While its share declined over the past 18 months as a result of pandemic shopping trends, supermarket prepared foods are inching their way toward a comeback, according to the 2021 Power of Foodservice at Retail report from FMI-The Food Industry Association, released Wednesday.
During the 52 weeks ending mid-May 2021, grocery foodservice dollar sales reached $13.5 billion, reflecting slight growth over the same period a year ago, at +0.8%. (This is, however, still down from pre-pandemic levels.)
Retail foodservice reflects a wide range of performances (see the table below), from +15.1% for desserts (a small category) to -11.6% for pizza. Meal combos and fully cooked meat (including rotisserie chicken) are two other areas where sales have not yet recovered, according to NielsenIQ data.
Despite the somewhat slow return of foodservice, FMI’s report underscores implications for the grocery industry to capture and expand its pre-pandemic share of the total food dollar.
“Grocery foodservice is at a competitive inflection point when we look at the state of the U.S. food dollar and the fact that 59% of Americans expect to cook as many meals at home as they do now,” said Rick Stein, FMI vice president, fresh food. “The analysis suggests grocers are positioned to be the ultimate mealtime solution in that 39% of consumers view retail foodservice as a substitute for a both a home-cooked meal and a restaurant meal.”
Stein noted that three significant themes emerged out of the survey that have implications for this competitive landscape:
1. Visibility at Retail: More than one-third of consumers, up slightly from 2019, do not recognize their local grocer as a foodservice option due to a lack of menu choices. The report underscores opportunities for increased visibility through marketing and merchandising strategies — all while acknowledging the growing time constraints and cooking fatigue among shoppers to prepare a convenient and nutritious meal. To further promote engagement, shoppers emphasized their desire for retailers to highlight nutrition facts and meal ingredients.
2. Hybrid Meals Support Shoppers: The analysis notes that shoppers are looking for comprehensive meal solutions, not just prepared items. In fact, 55% of those surveyed note a desire for hybrid meal options — or those that are a mix of semi- and-fully-prepared items. It is noteworthy that 64% of consumers who typically prepare hybrid meals say they plan their dinners a few days at a time.
3. Convenience Enabled by Technology: Technology supports shoppers’ strong desire for convenience with more than half of consumers expressing a desire to order deli-prepared items with a smartphone. The survey also points out significant disparities among generations in how they want to engage in retail foodservice ordering. For example, 20% of Gen Z customers prefer ordering from a person versus using their own phone (49%) or a kiosk (31%), compared with 89% of Boomers who prefer ordering from a person.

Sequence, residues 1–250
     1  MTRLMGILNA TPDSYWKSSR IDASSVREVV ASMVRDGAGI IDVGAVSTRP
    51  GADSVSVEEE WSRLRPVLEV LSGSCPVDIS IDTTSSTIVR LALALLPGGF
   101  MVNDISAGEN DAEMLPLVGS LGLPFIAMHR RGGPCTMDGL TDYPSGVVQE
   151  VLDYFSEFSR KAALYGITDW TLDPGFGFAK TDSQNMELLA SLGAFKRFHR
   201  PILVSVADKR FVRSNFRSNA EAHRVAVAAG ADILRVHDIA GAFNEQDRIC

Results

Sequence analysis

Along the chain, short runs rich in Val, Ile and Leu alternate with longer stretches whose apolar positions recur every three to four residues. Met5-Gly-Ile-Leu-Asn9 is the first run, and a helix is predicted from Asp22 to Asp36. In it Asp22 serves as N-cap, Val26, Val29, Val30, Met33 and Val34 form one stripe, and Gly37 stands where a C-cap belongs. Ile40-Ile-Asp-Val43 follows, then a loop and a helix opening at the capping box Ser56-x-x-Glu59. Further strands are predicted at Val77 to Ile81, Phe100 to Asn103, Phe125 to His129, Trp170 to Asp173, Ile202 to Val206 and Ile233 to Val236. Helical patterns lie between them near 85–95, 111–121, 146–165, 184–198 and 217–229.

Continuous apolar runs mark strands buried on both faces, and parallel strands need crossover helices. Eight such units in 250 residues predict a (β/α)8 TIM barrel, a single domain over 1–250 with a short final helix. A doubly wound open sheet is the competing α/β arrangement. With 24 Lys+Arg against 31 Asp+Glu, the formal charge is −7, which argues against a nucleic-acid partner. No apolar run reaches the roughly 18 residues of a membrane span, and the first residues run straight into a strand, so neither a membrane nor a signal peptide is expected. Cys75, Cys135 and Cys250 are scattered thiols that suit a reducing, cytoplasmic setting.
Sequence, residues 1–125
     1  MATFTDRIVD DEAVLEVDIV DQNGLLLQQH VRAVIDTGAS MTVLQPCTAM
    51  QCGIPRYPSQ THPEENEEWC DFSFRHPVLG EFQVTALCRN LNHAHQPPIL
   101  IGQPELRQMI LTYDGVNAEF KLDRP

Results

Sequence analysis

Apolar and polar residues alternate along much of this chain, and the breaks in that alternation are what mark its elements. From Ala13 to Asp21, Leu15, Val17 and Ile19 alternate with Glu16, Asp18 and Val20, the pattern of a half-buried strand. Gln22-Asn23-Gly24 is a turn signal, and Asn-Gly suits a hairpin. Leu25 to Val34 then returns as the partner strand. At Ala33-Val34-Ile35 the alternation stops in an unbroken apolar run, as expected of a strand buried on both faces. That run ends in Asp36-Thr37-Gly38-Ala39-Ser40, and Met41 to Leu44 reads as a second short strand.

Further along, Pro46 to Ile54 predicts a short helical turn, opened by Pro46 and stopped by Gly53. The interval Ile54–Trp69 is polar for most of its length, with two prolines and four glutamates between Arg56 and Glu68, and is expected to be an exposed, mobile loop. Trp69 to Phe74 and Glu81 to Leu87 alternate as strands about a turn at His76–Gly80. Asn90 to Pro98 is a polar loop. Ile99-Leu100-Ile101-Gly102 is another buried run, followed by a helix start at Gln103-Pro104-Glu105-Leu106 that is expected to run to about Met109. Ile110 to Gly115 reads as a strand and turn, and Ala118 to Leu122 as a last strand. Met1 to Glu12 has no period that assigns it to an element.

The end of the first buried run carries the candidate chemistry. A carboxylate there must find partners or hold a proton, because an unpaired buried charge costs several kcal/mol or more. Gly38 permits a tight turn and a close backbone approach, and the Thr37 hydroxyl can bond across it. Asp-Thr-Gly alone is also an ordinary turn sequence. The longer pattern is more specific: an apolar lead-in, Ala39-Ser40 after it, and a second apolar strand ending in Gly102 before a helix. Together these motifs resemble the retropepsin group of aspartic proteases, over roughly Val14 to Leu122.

Among other findings from FMI’s report, prepared by 210 Analytics and made possible by Hussmann Corp. and Produce Marketing Association:
• In June 2021, 36% of consumers tend to mostly cook dinner from scratch. This is unchanged from 2020 and 2019. Across all ages, incomes, ethnicities and areas, the most common way of dinner preparation in the U.S., at 55% of shoppers, is combining items they make from scratch with semi- and fully prepared items. This provides important opportunities for grocery deli-prepared items in a hybrid scratch and convenience approach.
• The share of Americans who purchase grocery deli-prepared foods every few days or daily rebounded to 13%, about even with the pre-pandemic 2019 share of 14%. Lunch and dinner are the biggest occasions for retail foodservice, with urban areas over indexing for all three big meal occasions. All have opportunity to grow household engagement and purchase frequency.
• Eight percent of U.S. consumers do not purchase from retail foodservice at all. An additional 23% do so very infrequently, which is up a bit from 19% in 2019. The share who purchase with more regularity, (daily through weekly) has not yet recovered to its pre-pandemic level. In all, 39% engage at least weekly, down from 44% in 2019.
• Retailers are able to offer a variety of amenities that shoppers say will improve the chances of them buying grocery deli-prepared foods instead of from restaurants. The ability to order in advance leads the list, mentioned by 63% of shoppers. Seven in 10 consumers (71%) like the idea of saving time during pickup by means of an inside pickup station (60%), drive-through (56%) or curbside delivery (51%). Six in 10 (59%) say delivery by either the store (51%) or a third-party (40%) would positively influence their purchase decision.
• Whereas 74% of consumers have ordered restaurant food for pickup, just 36% have done so for grocery deli-prepared foods. Likewise, 56% of consumers order restaurant food for delivery and only 32% have done so for grocery deli-prepared foods. High-frequency grocery deli-prepared users are much more likely to use pickup or delivery. While only 46% of consumers have ordered grocery deli-prepared foods for takeout or delivery, 62% say they would use a grocery store’s foodservice-specific app. This is up from 54% in 2020.
“Grocers confidently acknowledge the power in convenience-driven retail foodservice, as these programs continue to serve as differentiation strategies for their businesses,” said Stein. “As evidenced in this analysis, with the right formula that caters to the customer with supportive technology, food retailers can increase their significance as a destination for health, well-being and meal solutions.”